Monday, April 30, 2018


The July 20, 2006 K-W Record carried the following story titled "Fire at Crompton". It mentioned the fire of the previous evening that broke out at a building on the Crompton site. Residents returning to town were directed to a staging area at the price Choppers on Arthur St. until officials were certain that it was safe to enter the area. Also the residents of Pilgrim's Provident Retirement Home were evacuated by Grand River buses.

Ron Ormson of the Crompton Public Advisory Committee sent a Letter To The Editor of the Elmira Independent asking why the Community Alert Network (CAN) telephone warning system had not been activated. He also advised that this latest fire and explosion comes much too soon after the last major fire and explosion in June 2004 when a wastewater tank exploded. Ron felt that Woolwich township officials had failed to activate the warning system on a timely basis. There had also been a small fire in March of that year (2006).

"Several residents from the homes being cleaned up in Cambridge attended the monthly CPAC meeting...." The topic of the CPAC meeting was DNAPLS (Dense Non-Aqueous Phase Liquids) and in Cambridge the authorities are using a system called ISCO or In-Situ Chemical Oxidation. I asked why it wasn't being used in Elmira at this 2006 meeting and received varying responses. ironically ISCO is now and for the last few years on both the company's and the Ministry of Environment's radar for use on our contaminated aquifers.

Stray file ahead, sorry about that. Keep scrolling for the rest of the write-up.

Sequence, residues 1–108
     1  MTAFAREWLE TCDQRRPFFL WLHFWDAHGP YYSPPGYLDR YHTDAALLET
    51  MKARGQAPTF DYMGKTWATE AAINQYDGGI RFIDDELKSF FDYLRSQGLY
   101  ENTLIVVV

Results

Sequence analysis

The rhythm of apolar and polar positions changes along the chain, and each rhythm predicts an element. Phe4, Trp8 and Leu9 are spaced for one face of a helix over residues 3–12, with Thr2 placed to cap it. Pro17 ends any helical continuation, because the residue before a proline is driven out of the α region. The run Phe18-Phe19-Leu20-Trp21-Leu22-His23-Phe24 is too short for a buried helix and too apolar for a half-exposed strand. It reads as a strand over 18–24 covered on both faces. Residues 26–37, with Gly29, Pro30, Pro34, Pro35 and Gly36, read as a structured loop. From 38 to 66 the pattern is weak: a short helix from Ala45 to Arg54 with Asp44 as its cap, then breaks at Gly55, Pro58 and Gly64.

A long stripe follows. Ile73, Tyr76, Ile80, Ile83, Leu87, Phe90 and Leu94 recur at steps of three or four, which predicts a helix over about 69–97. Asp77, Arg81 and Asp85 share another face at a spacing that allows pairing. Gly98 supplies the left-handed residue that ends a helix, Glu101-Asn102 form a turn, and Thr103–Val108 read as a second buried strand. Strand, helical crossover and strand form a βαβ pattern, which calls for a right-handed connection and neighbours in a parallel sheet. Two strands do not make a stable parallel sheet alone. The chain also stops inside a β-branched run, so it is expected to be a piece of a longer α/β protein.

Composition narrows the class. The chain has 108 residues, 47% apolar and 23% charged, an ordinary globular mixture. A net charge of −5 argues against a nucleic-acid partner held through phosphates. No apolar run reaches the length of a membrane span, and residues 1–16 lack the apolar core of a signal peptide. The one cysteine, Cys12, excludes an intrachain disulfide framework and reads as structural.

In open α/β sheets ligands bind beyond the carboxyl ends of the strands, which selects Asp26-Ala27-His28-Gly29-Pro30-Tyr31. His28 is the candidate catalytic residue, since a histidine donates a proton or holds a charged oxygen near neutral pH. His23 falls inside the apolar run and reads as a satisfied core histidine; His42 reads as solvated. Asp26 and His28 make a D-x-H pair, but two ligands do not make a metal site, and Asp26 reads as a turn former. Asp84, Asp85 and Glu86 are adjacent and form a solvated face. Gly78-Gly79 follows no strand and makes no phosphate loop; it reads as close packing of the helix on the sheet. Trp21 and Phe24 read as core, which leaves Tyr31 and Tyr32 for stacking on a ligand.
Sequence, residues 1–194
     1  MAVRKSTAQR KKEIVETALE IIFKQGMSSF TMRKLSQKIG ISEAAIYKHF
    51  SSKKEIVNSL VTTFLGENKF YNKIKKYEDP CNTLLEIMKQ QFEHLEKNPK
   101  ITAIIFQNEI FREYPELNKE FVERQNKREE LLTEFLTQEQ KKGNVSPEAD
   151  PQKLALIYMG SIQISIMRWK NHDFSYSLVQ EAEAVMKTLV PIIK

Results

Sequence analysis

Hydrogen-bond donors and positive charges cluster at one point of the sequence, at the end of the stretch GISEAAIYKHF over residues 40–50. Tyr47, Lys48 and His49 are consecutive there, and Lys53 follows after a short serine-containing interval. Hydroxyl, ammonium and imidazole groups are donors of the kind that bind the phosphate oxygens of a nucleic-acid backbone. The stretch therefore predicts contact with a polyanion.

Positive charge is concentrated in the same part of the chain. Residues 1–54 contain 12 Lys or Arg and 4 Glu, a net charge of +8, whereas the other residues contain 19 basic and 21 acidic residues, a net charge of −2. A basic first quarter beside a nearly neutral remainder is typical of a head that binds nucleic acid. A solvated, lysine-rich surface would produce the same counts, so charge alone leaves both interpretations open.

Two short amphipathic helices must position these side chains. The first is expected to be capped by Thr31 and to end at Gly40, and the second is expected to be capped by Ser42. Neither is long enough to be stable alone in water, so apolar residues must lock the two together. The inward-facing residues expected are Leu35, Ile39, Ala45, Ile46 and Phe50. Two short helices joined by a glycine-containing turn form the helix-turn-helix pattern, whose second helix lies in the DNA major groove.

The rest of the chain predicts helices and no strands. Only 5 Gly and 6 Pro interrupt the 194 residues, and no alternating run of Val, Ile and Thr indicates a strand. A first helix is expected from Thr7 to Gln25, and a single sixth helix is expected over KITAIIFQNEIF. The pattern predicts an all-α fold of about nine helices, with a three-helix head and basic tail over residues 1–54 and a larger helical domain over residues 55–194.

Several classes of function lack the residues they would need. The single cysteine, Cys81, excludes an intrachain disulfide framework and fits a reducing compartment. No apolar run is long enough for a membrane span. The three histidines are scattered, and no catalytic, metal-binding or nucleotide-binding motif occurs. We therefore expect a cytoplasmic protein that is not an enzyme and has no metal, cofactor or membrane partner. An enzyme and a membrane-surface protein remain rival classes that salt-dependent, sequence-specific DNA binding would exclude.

Both Wilf Ruland and Jaimie Connolly of the M.O.E. spoke to the longterm nature of the DNAPL issue at the Crompton site. They also suggested that further on-site source removal of DNAPLS was likely necessary for improvement. Hydraulic containment alone would not do the job. Surprise, surprise to this date the vast majority of those sub-surface DNAPLS are still on-site and slowly dissolving into the groundwater. Some areas in the south-west corner are mostly contained whereas the shallow DNAPLS in the rest of the site are not. This includes the whole east side where DNAPL contaminated shallow groundwater continues to flow off-site.

The last item of note refers to an Elmira Independent opinion titled "The hidden danger of microwaves" written by Chuck Keupfer on May 4, 2007. Chuck talks about Diacetyl long manufactured here in Elmira and how it has produced "popcorn lung". Shortly after lawsuits and more started south of the border, Crompton suddenly ceased production here in Elmira. The odour of this butter flavouring could often be smelled around town and folks thought that it was not harmful. They were wrong as it has caused severe and irreversible lung damage in workers using the chemical. Just one more case of "Better living through Chemistry" apparently.

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